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HMRC’s tough stance on tax evasion is paying dividends


Dave Hartnett, HMRC’s permanent secretary for tax, recently confirmed that the taxman’s approach of targeting specific professions has raked in vast amounts of previously unpaid tax.

He said the Revenue has had great success by targeting people, including the clients of some online accountants, with offshore bank accounts and targeting sectors, like the medical profession, has been very fruitful.

The latest tax amnesty has been aimed at the plumbing sector. HMRC offered lower penalty rates to those willing to declare unpaid tax. The Revenue has also set up task forces to investigate London’s restaurant trade and these will soon be rolled out across the entire UK.

Contractor accountants with clients in the restaurant trade may want to encourage restaurant managers to get up to date with their record keeping. HMRC will expect to see till rolls, cheque stubs and records of sales and takings. The taxman is also likely to take an in-depth look into gratuities received by waiting staff. Tips are often undeclared but as the Revenue toughens its stance on cash payments, waiters could find themselves in the spotlight.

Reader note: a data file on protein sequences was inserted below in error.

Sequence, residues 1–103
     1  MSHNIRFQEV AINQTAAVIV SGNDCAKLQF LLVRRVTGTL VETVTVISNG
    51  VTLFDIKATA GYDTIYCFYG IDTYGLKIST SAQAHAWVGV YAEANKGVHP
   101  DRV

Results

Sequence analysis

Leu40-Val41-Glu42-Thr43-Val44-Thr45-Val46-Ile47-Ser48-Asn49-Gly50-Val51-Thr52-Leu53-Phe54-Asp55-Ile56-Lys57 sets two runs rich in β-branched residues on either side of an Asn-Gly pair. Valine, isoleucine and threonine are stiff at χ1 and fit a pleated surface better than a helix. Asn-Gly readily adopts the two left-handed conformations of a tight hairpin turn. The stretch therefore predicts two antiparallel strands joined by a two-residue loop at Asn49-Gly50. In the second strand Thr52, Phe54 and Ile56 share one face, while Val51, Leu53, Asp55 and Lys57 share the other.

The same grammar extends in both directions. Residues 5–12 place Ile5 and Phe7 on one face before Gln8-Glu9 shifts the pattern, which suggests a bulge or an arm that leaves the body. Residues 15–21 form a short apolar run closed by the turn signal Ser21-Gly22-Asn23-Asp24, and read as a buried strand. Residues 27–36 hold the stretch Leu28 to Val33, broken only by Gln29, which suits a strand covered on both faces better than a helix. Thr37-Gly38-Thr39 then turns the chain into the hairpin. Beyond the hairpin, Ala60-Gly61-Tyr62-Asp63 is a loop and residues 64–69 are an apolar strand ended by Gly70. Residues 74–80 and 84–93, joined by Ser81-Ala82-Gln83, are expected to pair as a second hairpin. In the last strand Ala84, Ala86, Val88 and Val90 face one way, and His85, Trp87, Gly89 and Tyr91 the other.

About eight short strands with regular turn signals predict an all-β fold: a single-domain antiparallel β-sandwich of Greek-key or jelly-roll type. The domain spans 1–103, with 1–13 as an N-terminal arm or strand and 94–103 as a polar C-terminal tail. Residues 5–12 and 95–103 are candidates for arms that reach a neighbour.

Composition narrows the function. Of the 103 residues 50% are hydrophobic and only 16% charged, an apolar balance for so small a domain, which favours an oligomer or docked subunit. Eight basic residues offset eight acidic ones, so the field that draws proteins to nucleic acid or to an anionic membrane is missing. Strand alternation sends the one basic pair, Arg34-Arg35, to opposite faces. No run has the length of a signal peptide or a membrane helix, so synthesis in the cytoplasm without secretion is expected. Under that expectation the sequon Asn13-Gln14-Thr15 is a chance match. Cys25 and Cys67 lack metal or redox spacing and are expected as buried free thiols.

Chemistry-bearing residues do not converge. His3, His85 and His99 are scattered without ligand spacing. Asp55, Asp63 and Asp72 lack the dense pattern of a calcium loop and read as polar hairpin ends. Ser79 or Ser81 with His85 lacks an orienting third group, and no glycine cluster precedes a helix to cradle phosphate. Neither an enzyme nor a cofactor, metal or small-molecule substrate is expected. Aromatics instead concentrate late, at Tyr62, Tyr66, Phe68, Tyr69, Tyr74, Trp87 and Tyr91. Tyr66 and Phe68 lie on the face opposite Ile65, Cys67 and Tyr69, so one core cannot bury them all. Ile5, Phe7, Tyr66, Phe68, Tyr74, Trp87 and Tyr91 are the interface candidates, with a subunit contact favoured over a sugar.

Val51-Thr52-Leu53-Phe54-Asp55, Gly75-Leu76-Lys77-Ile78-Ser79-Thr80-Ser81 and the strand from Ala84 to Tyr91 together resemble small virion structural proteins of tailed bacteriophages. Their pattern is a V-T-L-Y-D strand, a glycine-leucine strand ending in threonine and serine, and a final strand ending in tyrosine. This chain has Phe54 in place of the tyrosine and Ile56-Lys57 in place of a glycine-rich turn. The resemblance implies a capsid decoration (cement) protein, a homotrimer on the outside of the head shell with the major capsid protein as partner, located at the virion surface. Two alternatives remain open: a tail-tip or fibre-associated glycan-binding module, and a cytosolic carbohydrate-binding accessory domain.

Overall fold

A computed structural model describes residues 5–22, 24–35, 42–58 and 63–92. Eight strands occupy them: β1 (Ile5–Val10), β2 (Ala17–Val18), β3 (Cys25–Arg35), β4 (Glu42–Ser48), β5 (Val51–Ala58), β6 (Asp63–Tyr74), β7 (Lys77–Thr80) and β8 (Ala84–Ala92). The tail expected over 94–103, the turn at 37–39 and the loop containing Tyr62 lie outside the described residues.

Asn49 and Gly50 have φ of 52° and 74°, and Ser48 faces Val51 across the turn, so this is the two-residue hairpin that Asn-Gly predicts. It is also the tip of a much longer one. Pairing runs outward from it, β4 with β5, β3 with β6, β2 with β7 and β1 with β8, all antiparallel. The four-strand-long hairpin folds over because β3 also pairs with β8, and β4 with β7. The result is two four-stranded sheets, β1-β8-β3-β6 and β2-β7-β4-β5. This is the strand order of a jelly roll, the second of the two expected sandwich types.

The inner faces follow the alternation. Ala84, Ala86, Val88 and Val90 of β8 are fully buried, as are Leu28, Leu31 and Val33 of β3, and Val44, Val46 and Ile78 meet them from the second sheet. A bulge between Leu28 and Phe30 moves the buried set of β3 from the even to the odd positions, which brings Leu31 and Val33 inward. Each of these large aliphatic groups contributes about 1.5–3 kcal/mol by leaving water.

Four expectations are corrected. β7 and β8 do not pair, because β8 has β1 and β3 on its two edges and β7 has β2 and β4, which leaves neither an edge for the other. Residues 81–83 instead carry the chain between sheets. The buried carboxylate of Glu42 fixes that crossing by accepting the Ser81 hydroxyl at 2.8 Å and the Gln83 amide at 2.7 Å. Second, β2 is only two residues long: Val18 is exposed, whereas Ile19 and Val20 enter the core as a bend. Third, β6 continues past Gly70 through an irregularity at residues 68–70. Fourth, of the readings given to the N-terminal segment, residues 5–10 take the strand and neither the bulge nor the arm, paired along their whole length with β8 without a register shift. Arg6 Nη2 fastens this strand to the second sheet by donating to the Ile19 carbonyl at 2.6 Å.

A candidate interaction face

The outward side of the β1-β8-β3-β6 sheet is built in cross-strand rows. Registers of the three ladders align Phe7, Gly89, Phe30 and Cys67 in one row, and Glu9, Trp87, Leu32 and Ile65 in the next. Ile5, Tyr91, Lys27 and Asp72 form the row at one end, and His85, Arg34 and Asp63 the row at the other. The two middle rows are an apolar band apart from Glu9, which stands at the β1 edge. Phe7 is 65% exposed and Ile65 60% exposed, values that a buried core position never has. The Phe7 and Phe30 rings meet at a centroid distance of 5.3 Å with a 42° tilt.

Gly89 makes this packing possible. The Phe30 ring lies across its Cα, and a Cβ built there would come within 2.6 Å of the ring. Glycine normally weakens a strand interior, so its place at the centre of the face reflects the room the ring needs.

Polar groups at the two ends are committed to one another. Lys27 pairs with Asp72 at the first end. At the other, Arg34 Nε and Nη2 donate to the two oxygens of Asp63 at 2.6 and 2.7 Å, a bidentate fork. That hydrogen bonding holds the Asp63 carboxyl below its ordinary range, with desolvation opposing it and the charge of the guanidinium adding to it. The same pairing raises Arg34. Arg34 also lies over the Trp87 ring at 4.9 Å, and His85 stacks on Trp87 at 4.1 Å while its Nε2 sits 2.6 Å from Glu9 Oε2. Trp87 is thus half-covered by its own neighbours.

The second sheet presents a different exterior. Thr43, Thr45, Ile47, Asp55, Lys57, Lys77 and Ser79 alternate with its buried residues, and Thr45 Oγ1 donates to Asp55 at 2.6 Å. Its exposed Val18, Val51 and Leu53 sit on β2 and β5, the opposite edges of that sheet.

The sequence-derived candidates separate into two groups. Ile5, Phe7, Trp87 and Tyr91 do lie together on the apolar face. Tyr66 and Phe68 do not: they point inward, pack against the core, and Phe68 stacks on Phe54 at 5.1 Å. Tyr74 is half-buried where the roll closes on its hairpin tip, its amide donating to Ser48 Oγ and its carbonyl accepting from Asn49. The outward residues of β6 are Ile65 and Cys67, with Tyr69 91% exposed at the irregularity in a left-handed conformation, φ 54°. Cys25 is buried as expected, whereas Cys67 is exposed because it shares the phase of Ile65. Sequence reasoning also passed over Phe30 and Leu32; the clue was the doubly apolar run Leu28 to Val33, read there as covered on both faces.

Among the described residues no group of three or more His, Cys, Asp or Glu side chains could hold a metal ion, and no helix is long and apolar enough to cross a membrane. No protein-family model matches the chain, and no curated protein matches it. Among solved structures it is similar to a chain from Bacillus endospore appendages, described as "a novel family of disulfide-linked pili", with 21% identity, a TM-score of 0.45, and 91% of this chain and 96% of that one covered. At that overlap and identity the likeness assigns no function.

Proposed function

£917 million has been ring fenced to tackle tax avoidance, tax evasion and fraud this year and the Revenue hopes to claw back £7 billion every year within 4 years.

HMRC is also planning to launch an initiative to catch individuals and businesses who have not registered for VAT.